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Pluto and Outer Solar System

Our knowledge of the outer reaches of the solar system has increased greatly in recent years, with probes, orbiting telescopes and computer modelling revealing previously unknown objects, and even new planets far beyond the orbit of Neptune.


Pluto (134340 Pluto) was demoted from a planet to dwarf planet in 2005, but is nevertheless a fascinating little world, which the New Horizons spacecraft photographed in a flyby in July 2015. It is located outside the orbit of Neptune for nearly all of its orbit, and its orbit is inclined to the solar plane, and is within the Kuiper Belt.

    Vital statistics:
  • Mass: 1.30 x 1022 kg = 0.0022 Earths, 0.177 of the Moon's mass
  • Diameter: 2374 km = 0.18 Earth's
  • Density: 1.86 g/cm3 = 0.337 Earth's density
  • Surface gravity: 0.620 m/s2 = 0.063g
  • Distance from Sun: 4.44 - 7.31 billion km (5.87 Gkm semi-major axis) = 29.7 - 49.3 AU (Earth-Sun distances)
  • Period of orbit: 248 Earth years
  • Period of rotation: 6.4 days
  • No. of moons: 5
  • Atmosphere: Practically non-existent, 0.3 - 1.0 Pa; N, CH4, CO
  • Discovery: Clyde Tombaugh, February 18, 1930

New Horizons

The NASA probe New Horizons passed Pluto on Bastille Day, July 14 2015!

Pluto seen from the NASA New Horizons probe, 14 July 2015

July 14 2015: Flyby of Pluto, Charon, Hydra, Nix, Kerberos and Styx. The closest approach to Pluto was 13,695 km, at which point New Horizons was cruising at 13.78 km/s (49,600 km/h).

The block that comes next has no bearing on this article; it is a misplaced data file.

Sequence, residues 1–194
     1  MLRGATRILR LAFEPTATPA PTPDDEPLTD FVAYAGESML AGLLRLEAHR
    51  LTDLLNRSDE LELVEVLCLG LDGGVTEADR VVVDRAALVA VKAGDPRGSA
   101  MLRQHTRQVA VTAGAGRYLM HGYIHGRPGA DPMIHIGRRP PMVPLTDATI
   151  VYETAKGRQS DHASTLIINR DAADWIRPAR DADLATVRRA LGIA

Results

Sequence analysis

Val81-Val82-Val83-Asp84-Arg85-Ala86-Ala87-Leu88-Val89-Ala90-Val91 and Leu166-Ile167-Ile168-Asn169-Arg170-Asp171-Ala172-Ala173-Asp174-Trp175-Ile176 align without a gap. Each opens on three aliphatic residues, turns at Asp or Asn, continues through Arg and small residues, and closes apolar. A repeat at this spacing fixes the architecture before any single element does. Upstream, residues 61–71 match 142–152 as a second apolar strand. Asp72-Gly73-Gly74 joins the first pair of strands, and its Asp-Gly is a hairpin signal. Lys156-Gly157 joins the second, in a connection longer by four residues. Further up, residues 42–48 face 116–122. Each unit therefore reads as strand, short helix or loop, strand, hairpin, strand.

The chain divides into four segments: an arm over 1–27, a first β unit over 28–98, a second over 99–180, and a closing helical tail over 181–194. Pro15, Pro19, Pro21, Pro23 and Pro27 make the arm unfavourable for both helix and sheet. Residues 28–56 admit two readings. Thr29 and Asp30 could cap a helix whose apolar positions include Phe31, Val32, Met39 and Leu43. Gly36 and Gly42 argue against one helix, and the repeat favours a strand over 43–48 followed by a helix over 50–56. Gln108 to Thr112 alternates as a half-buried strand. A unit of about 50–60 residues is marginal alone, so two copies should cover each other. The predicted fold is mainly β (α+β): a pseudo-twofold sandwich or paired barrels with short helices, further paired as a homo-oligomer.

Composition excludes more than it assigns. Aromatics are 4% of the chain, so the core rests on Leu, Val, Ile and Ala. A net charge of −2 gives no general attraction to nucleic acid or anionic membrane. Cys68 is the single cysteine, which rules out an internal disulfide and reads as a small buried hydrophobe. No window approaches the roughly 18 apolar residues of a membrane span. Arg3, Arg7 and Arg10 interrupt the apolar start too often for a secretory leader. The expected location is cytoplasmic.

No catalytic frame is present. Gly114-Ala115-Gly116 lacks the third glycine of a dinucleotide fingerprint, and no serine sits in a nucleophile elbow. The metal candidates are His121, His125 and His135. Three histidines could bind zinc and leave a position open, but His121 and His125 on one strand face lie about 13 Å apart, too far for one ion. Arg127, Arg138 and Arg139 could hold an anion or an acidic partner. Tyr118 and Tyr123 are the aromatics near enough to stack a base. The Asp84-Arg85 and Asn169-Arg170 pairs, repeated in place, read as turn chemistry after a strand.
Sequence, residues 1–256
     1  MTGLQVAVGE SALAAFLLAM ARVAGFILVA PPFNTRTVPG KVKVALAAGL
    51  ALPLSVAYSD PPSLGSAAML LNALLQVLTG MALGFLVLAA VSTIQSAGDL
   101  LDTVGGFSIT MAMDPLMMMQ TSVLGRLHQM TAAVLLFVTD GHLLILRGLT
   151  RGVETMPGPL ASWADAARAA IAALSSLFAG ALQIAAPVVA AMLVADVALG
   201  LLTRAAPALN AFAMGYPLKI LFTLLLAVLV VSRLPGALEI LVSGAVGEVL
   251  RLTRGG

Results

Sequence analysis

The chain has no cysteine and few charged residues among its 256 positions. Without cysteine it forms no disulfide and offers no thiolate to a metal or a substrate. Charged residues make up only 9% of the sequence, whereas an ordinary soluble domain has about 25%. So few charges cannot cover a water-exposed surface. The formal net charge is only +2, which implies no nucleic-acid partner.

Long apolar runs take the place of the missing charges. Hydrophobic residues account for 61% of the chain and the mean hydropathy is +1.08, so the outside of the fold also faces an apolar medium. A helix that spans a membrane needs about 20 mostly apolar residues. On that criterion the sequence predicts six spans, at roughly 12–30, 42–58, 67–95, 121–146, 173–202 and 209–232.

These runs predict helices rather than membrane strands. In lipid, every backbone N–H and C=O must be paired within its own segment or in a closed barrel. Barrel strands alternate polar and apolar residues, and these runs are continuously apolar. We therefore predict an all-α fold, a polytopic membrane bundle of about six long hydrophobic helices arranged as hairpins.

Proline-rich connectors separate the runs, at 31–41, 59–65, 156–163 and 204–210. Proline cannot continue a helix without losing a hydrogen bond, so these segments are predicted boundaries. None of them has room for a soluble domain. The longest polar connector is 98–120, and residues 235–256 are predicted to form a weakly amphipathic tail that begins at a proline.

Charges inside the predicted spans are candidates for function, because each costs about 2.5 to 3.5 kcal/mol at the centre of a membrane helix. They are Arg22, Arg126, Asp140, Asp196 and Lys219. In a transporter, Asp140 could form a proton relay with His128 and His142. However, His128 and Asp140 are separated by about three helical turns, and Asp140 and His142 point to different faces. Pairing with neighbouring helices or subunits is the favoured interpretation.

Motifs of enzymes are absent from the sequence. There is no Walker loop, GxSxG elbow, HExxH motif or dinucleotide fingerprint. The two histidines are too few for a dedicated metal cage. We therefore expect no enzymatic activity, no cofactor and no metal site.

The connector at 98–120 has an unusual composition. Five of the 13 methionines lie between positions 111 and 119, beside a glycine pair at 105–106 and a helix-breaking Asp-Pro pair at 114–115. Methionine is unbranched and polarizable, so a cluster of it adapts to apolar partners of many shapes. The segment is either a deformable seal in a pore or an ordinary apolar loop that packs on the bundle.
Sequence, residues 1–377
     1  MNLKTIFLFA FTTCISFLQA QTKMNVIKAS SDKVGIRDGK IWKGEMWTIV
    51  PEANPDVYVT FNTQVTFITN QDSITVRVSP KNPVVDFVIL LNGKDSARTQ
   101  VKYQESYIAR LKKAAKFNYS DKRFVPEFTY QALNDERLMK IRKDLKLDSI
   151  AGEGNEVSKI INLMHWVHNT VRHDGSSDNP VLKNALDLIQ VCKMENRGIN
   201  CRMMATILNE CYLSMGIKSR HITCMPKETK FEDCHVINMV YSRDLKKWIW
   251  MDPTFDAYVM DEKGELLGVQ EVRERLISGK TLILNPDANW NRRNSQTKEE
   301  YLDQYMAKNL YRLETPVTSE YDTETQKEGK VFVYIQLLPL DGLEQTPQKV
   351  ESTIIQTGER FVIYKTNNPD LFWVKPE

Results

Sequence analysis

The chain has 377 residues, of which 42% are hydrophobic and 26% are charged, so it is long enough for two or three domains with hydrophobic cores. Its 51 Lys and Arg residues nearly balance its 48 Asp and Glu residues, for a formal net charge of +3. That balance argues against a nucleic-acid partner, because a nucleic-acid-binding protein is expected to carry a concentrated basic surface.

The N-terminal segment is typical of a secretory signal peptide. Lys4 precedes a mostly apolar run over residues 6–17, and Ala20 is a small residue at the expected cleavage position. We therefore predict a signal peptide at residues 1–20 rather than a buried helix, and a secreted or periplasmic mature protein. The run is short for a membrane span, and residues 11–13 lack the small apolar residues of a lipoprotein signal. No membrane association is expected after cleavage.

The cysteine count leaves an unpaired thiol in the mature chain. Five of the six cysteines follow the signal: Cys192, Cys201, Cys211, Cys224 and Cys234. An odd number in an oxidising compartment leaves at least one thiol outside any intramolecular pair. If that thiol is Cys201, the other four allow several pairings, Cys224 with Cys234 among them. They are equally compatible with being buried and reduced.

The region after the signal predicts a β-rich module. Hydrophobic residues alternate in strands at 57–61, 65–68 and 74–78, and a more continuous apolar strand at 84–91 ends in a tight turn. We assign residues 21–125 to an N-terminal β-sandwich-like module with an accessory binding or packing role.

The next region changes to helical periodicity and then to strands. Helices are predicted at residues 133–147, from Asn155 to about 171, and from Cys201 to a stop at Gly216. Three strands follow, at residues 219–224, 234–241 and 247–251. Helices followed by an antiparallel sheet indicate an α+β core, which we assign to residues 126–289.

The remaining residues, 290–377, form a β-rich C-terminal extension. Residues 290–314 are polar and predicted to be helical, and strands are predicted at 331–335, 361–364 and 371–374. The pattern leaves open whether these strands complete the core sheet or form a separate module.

New Horizons instruments
Instruments of the New Horizons probe, which passed by with closest approach to Pluto, 14 July 2015

NASA probe New Horizons was launched on January 19, 2006, and flew by Jupiter, with nearest approach on February 28, 2007. With this slingshot assist, it passed Saturn's orbit (but Saturn was not at home) on June 8, 2008, and has taken another 7 years to reach Pluto, at 32.9 AU (an AU is the distance from the Earth to the Sun) from the Sun. (March 18, 2011: passed Neptune's orbit; August 25, 2014: passed Neptune's orbit).

Ice mountains on Pluto! This was a totally unexpected discovery, and has scientists hotly debating the mechanisms which caused them

The probe has been sending images of Pluto and its companion Charon, but it was not until May 15, 2015 that its images exceeded the resolution of the Hubble telescope's best efforts (which is testament to the excellence of Hubble, rather than a detraction from NASA's probe specs).

Charon has a dark path of hydrocarbon (methane), which indicates that it exchanges atmosphere with Pluto

The probe will continue towards the outer reaches of the solar system, passing into the Kuiper Belt by 2020, where it will attempt to answer questions about the mysterious bodies which inhabit it, about their surface geologies, interior structures and any atmospheres.

It will then continue on to enter the Heliosphere, where Voyager 1 is now, only around 2040!

Kuiper Belt